My knowledge of the Japanese language is entirely functional. In fact, I’d go so far as to say I’m functionally fluent. If I need to find a bathroom, I can do that. If I need to make special adjustments to a restaurant order, I can do that. If I need to tell my kids to stop chewing on each others’ arms, I can do that, too. I can converse in a rather verbose, if boring and stilted, manner. I cannot, however, write a story. I cannot string together a poem or express complex emotional ideas. I cannot weave a tapestry of words to evoke emotions, to encourage empathy, to fundamentally move a person and leave my mark on them.
And it’s frustrating when I’m in a situation where I have to do exactly that. Perhaps it’s the writer in me, struggling to find a voice in a language I have yet to master, overflowing with emotions to relate but unable to relate them in the right way.
At my sister-in-law’s wedding, they had a slideshow of pictures from the lives of the bride and groom. The first picture of the bride’s life was her as a baby in the smiling arms of my mother-in-law. As related in an earlier post, she died before I ever met her. My first trip to Japan was for her funeral.
All I could think when I saw that picture was how she’d never been able to hold any of her grandchildren like that. How my kids will grow up without their Japanese “ba-san”. How she will never be able to pass on to her daughters that special kind of motherly advice that can only come from one’s own mother.
The next pictures were of my wife and her sister growing up, going through all the various milestones kids go through, with their smiling mother by their side. All these things she’ll never see for her own grandkids, never be able to do with them. I was touched, but at the same time I was standing in the back of the reception hall holding my one-year-old son. I couldn’t break down–it was my job to keep him from breaking down.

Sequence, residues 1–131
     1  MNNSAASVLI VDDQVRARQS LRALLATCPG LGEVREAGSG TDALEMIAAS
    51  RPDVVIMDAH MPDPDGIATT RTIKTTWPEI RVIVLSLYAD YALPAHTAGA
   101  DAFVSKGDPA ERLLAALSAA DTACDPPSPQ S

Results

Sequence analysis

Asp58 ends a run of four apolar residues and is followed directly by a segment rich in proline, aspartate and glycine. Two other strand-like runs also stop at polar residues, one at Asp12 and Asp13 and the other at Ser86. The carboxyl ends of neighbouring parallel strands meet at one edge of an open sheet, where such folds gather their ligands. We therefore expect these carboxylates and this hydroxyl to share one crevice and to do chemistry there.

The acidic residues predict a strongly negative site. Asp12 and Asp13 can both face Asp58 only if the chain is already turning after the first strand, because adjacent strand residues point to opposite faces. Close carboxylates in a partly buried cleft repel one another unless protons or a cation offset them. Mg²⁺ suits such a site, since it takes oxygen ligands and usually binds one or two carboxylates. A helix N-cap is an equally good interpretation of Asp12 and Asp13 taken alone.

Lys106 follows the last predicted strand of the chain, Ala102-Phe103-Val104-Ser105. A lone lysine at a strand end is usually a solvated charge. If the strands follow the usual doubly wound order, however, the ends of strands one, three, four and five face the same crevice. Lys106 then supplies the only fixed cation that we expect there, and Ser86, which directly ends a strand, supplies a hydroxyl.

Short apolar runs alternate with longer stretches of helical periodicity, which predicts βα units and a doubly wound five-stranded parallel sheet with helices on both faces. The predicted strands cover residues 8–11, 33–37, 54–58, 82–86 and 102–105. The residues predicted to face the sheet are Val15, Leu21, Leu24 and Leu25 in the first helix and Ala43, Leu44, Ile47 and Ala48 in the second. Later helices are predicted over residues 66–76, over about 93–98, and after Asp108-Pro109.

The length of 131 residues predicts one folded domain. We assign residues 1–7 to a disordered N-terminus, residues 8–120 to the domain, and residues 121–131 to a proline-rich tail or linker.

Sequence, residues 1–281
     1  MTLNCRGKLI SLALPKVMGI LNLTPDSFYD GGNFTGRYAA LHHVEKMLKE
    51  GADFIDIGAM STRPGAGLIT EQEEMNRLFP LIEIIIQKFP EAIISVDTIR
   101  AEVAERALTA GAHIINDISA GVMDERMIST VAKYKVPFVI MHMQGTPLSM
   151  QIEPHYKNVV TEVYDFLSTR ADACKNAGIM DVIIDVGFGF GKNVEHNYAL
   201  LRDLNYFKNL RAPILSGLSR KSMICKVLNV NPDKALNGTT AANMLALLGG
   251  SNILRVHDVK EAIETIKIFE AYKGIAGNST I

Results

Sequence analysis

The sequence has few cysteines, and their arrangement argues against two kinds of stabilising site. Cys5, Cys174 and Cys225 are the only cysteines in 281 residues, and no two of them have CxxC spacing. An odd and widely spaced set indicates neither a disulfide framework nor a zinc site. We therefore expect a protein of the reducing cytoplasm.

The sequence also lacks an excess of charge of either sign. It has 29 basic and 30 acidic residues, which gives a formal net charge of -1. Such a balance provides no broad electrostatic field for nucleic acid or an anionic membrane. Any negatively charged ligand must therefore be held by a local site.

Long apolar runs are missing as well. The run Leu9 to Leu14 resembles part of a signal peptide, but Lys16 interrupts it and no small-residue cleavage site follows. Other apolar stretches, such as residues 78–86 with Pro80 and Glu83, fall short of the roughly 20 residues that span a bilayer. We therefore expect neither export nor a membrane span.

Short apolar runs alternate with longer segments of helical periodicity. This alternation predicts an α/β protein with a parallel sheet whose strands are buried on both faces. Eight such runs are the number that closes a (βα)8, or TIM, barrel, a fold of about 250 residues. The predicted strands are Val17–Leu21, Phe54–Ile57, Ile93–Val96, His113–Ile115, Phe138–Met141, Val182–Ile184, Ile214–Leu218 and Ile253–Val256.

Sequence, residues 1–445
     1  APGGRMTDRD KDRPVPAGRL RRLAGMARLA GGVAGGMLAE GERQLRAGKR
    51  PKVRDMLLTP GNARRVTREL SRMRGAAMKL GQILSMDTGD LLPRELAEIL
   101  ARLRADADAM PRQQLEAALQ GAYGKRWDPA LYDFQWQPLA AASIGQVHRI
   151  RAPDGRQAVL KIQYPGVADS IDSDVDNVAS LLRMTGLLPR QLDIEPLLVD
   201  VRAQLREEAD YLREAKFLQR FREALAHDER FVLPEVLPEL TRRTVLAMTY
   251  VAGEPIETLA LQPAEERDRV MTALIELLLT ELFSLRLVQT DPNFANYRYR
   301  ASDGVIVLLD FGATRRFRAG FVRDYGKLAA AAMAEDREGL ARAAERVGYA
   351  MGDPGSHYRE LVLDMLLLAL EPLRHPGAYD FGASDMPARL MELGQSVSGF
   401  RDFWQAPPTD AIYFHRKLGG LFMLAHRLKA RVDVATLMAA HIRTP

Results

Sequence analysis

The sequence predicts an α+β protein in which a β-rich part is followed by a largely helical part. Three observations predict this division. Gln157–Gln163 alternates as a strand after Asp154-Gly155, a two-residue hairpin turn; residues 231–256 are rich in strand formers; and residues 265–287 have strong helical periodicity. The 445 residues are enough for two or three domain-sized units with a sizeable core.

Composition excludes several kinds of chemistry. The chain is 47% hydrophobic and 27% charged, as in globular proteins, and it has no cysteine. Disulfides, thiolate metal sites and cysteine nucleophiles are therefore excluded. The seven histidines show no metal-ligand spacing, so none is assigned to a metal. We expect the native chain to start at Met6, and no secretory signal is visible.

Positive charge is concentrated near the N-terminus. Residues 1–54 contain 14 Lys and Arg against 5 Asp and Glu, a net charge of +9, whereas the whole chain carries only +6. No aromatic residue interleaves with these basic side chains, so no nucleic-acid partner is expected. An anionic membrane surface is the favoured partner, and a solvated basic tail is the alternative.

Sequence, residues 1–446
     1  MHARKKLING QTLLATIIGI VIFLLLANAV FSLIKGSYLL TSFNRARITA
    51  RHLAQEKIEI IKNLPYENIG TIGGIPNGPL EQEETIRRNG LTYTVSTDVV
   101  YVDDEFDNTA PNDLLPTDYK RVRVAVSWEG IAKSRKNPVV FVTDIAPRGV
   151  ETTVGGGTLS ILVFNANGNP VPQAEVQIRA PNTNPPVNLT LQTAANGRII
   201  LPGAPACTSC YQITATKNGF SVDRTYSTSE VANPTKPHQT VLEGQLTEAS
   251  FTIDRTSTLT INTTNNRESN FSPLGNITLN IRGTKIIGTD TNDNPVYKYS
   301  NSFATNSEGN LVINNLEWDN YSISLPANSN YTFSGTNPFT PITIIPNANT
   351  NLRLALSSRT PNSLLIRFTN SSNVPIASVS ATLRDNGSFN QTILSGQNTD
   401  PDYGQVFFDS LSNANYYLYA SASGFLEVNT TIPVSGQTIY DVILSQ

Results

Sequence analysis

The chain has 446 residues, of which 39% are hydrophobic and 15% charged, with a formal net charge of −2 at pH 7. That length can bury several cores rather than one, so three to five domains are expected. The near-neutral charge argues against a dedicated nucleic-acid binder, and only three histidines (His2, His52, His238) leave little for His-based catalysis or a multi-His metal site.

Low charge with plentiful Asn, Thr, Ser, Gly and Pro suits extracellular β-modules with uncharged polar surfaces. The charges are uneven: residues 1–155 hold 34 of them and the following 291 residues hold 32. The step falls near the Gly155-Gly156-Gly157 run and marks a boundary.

But then the last picture came up in the slideshow. The family all stood together, smiling, with a caption whose beauty I can’t exactly translate but is best rendered as: “Her mother watches over her from Heaven.” And that’s when I lost control. I excused myself and walked out of the reception hall and over to the large windows overlooking the city of Nagoya.
It helped that my son chose that moment to go a little nuts, so I had some cover, but that’s not exactly why I left. I’m no stranger to embarrassment–you get used to that marrying into a foreign culture. No, I had to leave because I knew that if anyone asked me what was wrong, why I looked like I’d been chopping onions, I wouldn’t be able to express exactly how I felt. “I’m sad” and “I was moved” are functional phrases. They’re all that came to mind. They’re all I knew how to say in my functional Japanese voice. And they weren’t sufficient. They wouldn’t do the moment justice. So I hid away by the windows, watching the traffic in the streets below for a while to gather my thoughts and let the baby settle down.
As authors, sometimes we struggle to find our own voice. I’m discovering the same is also true when learning a foreign language. It’s my goal to someday be able to tell my Japanese family exactly how I feel in my very own Japanese Ben voice. I’ve got a lot of work ahead of me, but it’s for a good cause.